Current Staff

Name: William R. Jeffery, Professor of Biology; Principal Investigator
Education: Ph.D., University of Iowa, 1971.  Evolution of developmental
     mechanisms in chordates.
Research Interests: I am interested in the evolution of development. Several
     different animals are used in my research. The teleost Astyanax mexicanus is a
     single species with eyed surface dwelling and blind cave dwelling forms. I want to
     understand the developmental and evolutionary mechanisms responsible for
     phenotypic changes in Astyanax cavefish. I am also interested in the ancestry of
     the neural crest and regeneration in chordates. For this research I use sea squirts
     (ascidians), especially Ciona intestinalis, which has a completely sequenced
Sample Publications:  Jeffery, W. R. , Chiba, T., Krajka, F. R., Deyts, C., Satoh, N.,
     and Joly J. S. Trunk lateral cells are neural crest-like cells in the ascidian Ciona
. Dev. Biol. 2008 324: 152-160.
Curriculum Vita: here

Name: Li Ma, Senior Postdoctoral Researcher
Education: Ph.D., Kunming Institute of Zoology, Chinese Academy of Sciences,
     2008. The molecular mechanisms of vertebrate neural induction and patterning.
Research Interests: Why have adult cavefish reduced or completely lost their
     eyes? Small eye primordia are formed in early during development of the
     cavefish Astyanax mexicanus, but they subsequently arrest, degenerate, and
     sink into the orbits. I am interested in the molecular and cellular mechanisms of
     eye degeneration in cavefish. It has been hypothesized that defects in the
     embryonic lens are responsible for cavefish eye degeneration, and accordingly the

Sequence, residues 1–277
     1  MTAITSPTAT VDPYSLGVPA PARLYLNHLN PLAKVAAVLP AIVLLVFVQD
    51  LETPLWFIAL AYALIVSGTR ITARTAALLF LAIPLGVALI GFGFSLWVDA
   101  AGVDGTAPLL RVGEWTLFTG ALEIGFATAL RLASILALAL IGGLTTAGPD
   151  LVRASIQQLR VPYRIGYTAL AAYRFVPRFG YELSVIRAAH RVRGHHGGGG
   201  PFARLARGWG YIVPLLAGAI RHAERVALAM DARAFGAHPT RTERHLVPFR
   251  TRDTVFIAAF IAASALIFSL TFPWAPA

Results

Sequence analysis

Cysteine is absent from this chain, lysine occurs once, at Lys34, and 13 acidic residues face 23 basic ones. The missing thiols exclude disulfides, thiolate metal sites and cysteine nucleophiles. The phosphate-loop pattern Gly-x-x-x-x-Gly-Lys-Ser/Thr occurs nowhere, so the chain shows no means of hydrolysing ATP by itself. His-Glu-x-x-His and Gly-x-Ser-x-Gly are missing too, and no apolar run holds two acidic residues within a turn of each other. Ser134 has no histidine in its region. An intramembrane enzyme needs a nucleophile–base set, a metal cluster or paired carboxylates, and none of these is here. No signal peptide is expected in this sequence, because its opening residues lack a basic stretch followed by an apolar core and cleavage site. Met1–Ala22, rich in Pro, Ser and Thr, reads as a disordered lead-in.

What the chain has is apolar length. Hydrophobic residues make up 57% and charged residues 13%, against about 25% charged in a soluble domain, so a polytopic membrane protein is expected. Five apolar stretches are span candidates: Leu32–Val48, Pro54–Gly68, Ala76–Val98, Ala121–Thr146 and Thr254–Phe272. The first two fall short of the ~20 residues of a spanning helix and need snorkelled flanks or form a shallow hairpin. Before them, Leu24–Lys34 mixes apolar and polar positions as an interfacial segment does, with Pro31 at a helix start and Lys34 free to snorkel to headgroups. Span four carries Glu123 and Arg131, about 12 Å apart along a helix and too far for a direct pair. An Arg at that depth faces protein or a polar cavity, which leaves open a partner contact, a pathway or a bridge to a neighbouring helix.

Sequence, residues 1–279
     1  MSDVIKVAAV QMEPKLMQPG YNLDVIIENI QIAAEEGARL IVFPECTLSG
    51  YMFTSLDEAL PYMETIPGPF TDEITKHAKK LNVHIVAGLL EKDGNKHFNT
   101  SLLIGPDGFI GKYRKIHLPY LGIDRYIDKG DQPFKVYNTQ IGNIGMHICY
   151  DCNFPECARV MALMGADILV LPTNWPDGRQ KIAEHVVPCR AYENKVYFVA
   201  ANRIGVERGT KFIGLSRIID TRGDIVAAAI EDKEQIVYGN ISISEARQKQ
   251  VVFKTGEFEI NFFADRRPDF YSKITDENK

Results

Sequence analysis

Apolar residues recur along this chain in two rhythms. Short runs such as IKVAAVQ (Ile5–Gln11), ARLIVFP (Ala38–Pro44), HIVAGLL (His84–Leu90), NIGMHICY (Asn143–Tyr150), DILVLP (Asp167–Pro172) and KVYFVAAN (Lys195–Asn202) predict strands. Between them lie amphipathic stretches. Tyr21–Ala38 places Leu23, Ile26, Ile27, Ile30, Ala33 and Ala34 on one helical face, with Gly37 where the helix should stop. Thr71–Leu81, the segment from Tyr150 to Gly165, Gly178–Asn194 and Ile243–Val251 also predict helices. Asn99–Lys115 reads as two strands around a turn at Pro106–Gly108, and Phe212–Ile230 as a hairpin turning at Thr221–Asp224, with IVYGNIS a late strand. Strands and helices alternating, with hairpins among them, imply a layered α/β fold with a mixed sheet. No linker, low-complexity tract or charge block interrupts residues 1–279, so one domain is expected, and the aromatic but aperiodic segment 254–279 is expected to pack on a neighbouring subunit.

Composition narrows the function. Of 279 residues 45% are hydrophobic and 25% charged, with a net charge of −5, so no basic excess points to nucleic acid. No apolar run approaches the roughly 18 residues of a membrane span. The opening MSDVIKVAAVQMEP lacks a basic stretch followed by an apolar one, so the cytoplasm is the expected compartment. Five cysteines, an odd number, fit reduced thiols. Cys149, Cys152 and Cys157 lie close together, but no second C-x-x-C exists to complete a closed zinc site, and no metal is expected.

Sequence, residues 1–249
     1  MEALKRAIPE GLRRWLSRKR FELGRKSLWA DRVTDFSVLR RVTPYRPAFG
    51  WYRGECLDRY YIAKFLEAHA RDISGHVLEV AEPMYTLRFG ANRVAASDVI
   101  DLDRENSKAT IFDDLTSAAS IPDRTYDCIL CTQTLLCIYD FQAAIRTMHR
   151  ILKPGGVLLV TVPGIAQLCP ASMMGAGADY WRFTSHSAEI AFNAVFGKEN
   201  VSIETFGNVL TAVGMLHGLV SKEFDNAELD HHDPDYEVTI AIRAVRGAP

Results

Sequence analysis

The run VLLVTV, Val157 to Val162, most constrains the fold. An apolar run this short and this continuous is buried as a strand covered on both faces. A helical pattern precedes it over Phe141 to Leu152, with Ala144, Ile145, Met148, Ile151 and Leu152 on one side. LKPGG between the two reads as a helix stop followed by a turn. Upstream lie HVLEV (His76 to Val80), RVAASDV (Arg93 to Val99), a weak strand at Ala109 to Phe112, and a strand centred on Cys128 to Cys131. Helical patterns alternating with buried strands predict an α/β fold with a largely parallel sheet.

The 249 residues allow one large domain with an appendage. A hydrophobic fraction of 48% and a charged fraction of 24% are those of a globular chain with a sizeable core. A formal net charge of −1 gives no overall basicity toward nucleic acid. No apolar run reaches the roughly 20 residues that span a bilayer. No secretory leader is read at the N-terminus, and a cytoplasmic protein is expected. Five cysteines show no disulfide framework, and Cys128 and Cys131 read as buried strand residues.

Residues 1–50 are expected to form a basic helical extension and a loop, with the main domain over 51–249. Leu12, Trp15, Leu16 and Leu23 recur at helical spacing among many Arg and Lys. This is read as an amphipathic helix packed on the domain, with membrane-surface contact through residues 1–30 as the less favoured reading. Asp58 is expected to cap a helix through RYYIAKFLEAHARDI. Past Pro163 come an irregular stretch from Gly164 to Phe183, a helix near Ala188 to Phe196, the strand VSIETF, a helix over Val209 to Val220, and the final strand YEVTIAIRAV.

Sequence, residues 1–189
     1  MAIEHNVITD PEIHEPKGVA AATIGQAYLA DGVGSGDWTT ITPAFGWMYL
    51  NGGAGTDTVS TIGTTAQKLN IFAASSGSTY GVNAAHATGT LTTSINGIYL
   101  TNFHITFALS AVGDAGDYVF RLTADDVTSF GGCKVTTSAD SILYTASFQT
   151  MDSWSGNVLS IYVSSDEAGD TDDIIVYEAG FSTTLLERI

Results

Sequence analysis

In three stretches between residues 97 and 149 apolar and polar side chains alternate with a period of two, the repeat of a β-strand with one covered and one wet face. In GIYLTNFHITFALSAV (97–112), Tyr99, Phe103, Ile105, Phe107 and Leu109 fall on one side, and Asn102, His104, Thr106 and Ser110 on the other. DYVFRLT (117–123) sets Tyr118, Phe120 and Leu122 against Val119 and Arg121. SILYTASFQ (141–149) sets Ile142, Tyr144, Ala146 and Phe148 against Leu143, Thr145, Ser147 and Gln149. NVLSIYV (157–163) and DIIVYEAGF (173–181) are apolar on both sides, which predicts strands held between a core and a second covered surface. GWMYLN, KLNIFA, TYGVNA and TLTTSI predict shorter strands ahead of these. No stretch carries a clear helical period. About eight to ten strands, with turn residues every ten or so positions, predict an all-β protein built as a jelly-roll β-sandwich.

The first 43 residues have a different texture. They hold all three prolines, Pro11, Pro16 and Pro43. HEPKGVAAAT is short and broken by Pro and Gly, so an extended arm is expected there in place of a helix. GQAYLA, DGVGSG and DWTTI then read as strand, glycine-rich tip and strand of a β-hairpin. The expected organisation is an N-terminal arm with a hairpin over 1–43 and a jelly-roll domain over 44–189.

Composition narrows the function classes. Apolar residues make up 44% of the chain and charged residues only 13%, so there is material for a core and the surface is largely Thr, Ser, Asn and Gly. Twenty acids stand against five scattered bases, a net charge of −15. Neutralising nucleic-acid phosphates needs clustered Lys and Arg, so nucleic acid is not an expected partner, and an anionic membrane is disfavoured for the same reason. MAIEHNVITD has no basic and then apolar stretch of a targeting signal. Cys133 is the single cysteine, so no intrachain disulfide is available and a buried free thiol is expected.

expression of alpha-A-crystallin, a chaperone controlling lens survival, is
     significantly decreased during cavefish lens development. My current research
     focuses on the function of the alpha-A-crystallin gene during cavefish eye
     development. The major questions are how and where alpha-A-crystallin
     functions in the pathway leading to normal lens development or death and the
     nature of the mutations in this gene that have led to its downregulation in
Sample Publications: Ma, L., Parkhurst, A., and W. R. Jeffery (2014). The role of a
     lens survival pathway including sox2 and αA-crystallin in the evolution of cavefish
     eye degeneration. EvoDevo 5: 28 doi:10.1186/2041-9139-5-28

Name: Helena Bilandžija, Postdoctoral Researcher
Education: Ph.D., Rudjer Boskovic Instsitute, Zagreb, 2013. The molecular evolution
     of cave animals
Research Interests: Despite the constant darkness and the lack of food, caves are
     inhabited by a rich diversity of organisms. Remarkably, the same or similar suites
     of morphological, physiological and behavioral changes have evolved in unrelated
     cave organisms from diverse phyla. My fascination with this phenomenon began
     with my undergraduate studies and after my graduate work, I have been awarded
     a fellowship to join the Jeffery Lab as a postdoctoral researcher. Using the lab's
     ability to rear these fish in captivity as well as exploiting the many other advantages
     of the Astyanax system (including the application of developmental,
     molecular, genetic, and genomic methods), I seek to understand the mechanisms
     underlying some of the phenomena I observed while working with various cave
     invertebrates. My work will specifically focus on the loss of pigmentation, one of the
     major hallmarks of cave-dwelling organisms, as well as its potential pleiotropic
     effects that could aid in the survival of animals in caves.
Sample Publications: Bilandžija, H., Ma L, Parkhurst, A., and W. R. Jeffery. (2013).
     A potential benefit of albinism in Astyanax cavefish: Downregulation of the oca2
     gene increases L-tyrosine and catecholamine levels as an alternative to melanin
     synthesis. PLoS ONE 8 (11): e80823.


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